THE existential challenge of climate change is having a growing impact on the vocations and beliefs of those in Christian ministry, reports Green Christian.
The environmental charity has been providing support since 2021 to clergy and others grappling with the emotional, pastoral, spiritual and moral impacts of the climate crisis on individuals and communities. Many clergy feel unprepared for ministry and leadership in a context of increasing environmental anxiety and destabilisation. The charity is responding through its Cloud and Fire programme, of which a third intake begins in January 2024.
In Cloud and Fire, clergy, lay leaders and spiritual directors explore emerging dimensions of ministry in the shadow of climate risk, and discern their responses in prayer, pastoral care and mission.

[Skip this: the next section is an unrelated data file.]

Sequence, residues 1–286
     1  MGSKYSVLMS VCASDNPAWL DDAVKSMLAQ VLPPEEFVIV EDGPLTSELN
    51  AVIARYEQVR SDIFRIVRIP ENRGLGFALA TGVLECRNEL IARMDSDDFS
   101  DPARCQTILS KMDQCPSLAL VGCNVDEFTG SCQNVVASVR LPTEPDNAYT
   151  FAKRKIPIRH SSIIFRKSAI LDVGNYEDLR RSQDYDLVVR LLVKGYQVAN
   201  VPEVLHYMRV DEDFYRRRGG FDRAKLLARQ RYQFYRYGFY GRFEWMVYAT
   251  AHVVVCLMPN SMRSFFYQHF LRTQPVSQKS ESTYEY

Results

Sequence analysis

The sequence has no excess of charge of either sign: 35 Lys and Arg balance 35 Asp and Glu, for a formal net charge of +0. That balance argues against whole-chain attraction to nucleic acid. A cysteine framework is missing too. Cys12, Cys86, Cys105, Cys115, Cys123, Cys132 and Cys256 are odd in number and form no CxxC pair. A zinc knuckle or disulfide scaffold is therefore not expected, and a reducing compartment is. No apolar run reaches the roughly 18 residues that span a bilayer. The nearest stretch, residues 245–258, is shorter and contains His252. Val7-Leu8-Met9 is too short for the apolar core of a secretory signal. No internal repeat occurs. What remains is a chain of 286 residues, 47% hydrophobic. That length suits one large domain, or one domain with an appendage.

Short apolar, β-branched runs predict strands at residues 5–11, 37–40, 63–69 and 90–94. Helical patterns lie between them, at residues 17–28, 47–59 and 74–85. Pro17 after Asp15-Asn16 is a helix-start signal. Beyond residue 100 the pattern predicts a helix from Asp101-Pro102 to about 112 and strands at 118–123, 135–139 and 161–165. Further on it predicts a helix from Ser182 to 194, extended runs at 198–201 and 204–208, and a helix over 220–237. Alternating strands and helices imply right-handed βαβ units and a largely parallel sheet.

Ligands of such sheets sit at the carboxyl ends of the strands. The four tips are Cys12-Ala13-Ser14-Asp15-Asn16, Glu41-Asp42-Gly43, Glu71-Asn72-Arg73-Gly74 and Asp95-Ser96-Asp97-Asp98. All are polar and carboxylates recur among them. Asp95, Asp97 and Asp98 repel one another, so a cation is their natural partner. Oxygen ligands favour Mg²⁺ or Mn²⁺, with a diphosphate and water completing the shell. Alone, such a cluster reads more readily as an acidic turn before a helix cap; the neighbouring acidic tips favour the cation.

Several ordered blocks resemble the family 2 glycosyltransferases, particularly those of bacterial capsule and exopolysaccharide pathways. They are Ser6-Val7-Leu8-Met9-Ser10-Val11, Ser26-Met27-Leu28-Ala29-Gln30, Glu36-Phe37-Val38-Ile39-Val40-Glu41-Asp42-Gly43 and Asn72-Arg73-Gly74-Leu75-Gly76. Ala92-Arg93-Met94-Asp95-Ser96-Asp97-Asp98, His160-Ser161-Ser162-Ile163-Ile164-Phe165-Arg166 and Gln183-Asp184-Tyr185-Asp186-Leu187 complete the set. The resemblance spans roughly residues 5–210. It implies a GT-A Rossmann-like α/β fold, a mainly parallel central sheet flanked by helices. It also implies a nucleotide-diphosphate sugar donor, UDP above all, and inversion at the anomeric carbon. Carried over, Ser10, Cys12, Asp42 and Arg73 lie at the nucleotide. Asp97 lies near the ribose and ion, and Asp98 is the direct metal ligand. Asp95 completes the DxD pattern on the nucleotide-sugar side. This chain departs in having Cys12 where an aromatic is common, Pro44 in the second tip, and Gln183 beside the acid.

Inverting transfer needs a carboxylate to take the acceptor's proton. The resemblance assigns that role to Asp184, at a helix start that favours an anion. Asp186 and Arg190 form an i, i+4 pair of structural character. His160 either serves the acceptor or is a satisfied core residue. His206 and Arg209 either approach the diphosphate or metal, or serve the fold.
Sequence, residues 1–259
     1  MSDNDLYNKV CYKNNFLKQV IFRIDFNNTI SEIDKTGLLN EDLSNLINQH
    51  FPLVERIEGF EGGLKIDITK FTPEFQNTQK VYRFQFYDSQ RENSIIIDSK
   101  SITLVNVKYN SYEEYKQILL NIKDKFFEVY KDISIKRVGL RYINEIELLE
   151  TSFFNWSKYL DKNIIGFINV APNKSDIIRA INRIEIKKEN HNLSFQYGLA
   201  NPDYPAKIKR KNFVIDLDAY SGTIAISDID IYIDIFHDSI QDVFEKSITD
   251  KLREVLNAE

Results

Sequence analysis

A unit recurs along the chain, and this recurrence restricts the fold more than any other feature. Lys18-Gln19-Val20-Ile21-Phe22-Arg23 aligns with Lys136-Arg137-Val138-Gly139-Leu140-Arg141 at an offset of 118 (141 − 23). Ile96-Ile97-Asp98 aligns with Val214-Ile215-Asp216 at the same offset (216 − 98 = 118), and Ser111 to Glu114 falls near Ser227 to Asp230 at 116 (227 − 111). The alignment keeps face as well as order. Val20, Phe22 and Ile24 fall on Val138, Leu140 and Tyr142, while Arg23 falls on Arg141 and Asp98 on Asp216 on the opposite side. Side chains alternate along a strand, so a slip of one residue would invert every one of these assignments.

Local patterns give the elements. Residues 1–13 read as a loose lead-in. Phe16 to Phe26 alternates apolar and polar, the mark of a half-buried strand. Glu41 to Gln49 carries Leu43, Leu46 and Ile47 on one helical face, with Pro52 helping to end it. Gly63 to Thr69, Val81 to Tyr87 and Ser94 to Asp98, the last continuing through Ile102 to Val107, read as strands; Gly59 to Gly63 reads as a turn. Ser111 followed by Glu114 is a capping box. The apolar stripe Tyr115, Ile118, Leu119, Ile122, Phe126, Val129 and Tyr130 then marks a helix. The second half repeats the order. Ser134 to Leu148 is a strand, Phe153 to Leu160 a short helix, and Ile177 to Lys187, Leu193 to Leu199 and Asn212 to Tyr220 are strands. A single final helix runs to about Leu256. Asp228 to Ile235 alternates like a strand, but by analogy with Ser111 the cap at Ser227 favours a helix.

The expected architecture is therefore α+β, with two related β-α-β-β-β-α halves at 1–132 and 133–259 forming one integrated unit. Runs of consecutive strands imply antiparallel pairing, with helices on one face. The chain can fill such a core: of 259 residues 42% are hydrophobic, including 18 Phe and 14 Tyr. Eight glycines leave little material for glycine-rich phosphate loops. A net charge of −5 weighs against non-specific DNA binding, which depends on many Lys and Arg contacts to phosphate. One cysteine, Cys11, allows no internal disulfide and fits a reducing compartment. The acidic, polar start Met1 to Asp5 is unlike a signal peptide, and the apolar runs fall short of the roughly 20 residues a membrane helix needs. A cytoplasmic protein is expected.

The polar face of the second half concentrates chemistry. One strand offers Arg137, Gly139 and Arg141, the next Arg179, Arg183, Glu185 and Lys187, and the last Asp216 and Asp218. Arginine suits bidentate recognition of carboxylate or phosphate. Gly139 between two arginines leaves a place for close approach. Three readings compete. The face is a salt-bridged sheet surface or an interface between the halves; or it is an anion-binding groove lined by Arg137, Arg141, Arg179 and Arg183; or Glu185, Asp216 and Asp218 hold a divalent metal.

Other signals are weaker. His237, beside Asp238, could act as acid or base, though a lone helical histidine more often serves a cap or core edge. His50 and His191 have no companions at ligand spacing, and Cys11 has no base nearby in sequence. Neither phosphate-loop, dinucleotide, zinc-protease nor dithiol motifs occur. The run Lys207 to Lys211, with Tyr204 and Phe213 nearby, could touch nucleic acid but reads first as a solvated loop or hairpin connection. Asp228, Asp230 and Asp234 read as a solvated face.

Paul Bodenham, its co-ordinator, said, “The church leaders who come to us want more than tips in eco-liturgy or decarbonising their churches – essential though those are. They see temperatures going off the charts and a widespread sense of helplessness which is often suppressed, particularly among younger people.
“They come to Cloud and Fire with lots of questions. How do I preach honestly about the risks we face without triggering an episode of mental illness? What kind of pastoral support do I need to offer the sixth formers in our local school? How do I support the family who have been flooded three times in five years? We’re in uncharted territory, for which ministers are finding their training hasn’t prepared them We’ve stepped into the gap with Cloud and Fire, but there is a real need for denominations to future-proof the training they provide.”
In addition to Cloud and Fire, Green Christian also offers Deep Waters, which enables church groups to explore their feelings about climate change and engage constructively with them. A Lent course is also about to be published for 2024.
Registration for the Cloud and Fire programme in 2024 is here.
Source: Green Christian